Consumers will fall out of love with brands that don’t secure data

It’s unlikely a reputable bricks and mortar business would ever leave its most valuable possessions unprotected and open to thieves, so why is it still so common for digital players to effectively leave the front door open?

lucy tesseras

It is astonishing quite how many businesses don’t have the adequate protection needed to safeguard against potential cyber threats.

This was illustrated again a few days ago when it came to light that niche dating group Cupid Media had suffered a security breach reportedly resulting in the data of 42 million members being stolen.

The fact the breach actually happened back in January only adds fuel to the fire.
The extent of the potential threat only became clear when security specialist Brian Krebs discovered the breach, and contacted the firm’s managing director Andrew Bolton who claims it took what it thought was “appropriate actions to notify affected customers and reset passwords”.

But what makes the matter worse is the fact that the stolen information wasn’t even encrypted – names, dates of birth, email addresses and passwords were all stored in plain text and clear for all to see.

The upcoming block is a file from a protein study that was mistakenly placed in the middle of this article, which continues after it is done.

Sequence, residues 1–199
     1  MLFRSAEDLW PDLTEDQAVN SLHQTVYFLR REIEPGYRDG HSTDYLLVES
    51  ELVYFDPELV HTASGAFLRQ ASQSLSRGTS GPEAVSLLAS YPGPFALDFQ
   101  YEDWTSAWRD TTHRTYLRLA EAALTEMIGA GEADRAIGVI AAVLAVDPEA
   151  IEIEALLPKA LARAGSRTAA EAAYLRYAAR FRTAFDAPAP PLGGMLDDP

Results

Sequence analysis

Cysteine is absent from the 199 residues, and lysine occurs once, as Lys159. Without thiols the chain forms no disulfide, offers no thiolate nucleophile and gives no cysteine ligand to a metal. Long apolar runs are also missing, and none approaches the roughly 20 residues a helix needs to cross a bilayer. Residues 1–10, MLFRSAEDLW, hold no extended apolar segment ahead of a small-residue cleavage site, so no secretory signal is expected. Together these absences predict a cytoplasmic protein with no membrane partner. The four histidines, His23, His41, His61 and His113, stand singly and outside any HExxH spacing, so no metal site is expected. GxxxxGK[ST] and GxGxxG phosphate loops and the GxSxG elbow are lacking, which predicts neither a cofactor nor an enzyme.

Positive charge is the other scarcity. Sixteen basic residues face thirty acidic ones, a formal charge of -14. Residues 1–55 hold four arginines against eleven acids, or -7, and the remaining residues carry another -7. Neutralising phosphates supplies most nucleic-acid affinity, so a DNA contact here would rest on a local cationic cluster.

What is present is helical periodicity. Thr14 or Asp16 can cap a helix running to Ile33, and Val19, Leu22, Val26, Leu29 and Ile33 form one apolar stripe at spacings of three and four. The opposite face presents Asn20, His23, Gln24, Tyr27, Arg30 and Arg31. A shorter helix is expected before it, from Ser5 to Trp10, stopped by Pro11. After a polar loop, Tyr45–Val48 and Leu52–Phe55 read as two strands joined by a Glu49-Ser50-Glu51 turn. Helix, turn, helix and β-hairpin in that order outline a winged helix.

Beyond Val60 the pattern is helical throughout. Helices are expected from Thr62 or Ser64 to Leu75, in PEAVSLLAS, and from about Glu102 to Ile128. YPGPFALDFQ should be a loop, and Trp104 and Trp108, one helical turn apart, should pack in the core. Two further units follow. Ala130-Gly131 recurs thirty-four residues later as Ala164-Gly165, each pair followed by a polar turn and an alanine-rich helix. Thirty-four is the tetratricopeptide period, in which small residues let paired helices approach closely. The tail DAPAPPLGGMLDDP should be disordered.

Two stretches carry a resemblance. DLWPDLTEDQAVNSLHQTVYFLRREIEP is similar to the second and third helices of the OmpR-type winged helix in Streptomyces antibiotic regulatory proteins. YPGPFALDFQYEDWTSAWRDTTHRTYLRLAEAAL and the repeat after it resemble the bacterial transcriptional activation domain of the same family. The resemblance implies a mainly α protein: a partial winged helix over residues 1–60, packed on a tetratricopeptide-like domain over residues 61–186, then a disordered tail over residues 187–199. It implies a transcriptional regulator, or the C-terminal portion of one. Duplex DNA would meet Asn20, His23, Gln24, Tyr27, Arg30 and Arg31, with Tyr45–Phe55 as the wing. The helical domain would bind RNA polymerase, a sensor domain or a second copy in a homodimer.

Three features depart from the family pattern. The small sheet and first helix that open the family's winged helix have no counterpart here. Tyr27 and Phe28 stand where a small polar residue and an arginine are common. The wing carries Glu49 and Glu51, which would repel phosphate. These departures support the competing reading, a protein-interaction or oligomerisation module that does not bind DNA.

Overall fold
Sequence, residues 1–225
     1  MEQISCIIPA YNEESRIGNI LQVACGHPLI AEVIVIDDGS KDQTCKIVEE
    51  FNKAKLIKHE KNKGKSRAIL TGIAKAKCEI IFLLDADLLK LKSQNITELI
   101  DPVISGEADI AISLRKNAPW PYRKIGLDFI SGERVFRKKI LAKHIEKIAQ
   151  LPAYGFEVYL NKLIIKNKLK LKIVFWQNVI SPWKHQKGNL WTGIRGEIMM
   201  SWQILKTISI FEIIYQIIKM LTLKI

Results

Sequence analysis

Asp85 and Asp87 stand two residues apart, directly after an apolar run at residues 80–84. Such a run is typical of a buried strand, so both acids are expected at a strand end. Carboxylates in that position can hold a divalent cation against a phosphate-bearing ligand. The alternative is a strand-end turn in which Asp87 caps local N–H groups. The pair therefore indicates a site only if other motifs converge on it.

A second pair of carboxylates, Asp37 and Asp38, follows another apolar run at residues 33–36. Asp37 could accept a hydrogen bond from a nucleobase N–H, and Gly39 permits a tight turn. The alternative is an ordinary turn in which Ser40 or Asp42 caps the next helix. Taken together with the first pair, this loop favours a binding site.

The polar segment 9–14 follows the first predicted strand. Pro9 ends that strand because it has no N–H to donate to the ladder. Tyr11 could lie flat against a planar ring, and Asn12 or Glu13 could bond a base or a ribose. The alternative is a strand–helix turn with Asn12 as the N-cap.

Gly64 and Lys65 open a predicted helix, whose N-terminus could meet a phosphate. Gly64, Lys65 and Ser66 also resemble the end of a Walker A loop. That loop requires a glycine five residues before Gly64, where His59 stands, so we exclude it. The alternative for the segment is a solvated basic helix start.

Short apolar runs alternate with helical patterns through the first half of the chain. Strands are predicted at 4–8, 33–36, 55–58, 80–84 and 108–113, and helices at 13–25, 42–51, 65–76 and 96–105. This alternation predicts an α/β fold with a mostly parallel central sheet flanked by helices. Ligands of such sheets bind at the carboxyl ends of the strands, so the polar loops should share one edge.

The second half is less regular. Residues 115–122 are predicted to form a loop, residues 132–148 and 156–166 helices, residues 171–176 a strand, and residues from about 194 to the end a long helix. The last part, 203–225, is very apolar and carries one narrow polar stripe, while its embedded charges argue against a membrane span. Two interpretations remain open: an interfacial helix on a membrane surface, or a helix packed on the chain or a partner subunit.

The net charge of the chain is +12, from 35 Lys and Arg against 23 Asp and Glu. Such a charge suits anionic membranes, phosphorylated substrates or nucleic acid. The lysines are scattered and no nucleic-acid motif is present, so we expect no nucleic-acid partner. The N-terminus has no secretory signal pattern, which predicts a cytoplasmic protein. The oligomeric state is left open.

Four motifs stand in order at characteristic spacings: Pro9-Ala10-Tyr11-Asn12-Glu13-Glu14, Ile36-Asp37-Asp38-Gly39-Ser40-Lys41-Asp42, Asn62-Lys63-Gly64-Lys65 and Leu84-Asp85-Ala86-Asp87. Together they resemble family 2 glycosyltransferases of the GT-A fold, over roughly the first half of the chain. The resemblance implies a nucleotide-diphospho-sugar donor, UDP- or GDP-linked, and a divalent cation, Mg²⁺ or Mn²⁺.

It’s the equivalent of leaving two recent utility bills and your passport on the bus and hoping that no-one steals your identity.

Bolton also seemed to play down the severity of problem suggesting that the number of “active members” affected was considerably less than the 42 million stated.

So he is presumably not counting the members that Cupid Media has helped find love so no longer use its services – but whose details it may still be storing. Quite a common situation by all accounts.

And while I should probably clarify that I am not a member of MilitaryCupid.com, SingleParentLove.com or UkraineDate.com myself (or any of the company’s 35 other niche dating collectives), as a consumer more generally it highlights just how exposed we all are to potential threats. Many businesses, it seems, still aren’t taking robust precautions.

I should also add that in the time between reading the news about the security breach last week and writing this column today, MediaCupid.com and all its various incarnations have gone offline, so maybe now the business realises just how severe the problem is.

The road to love doesn’t always run smoothly, but if businesses want to have any chance of building a long-term relationship with customers they need to understand how important trust is. Looking after what they hold dear is a good place to start.

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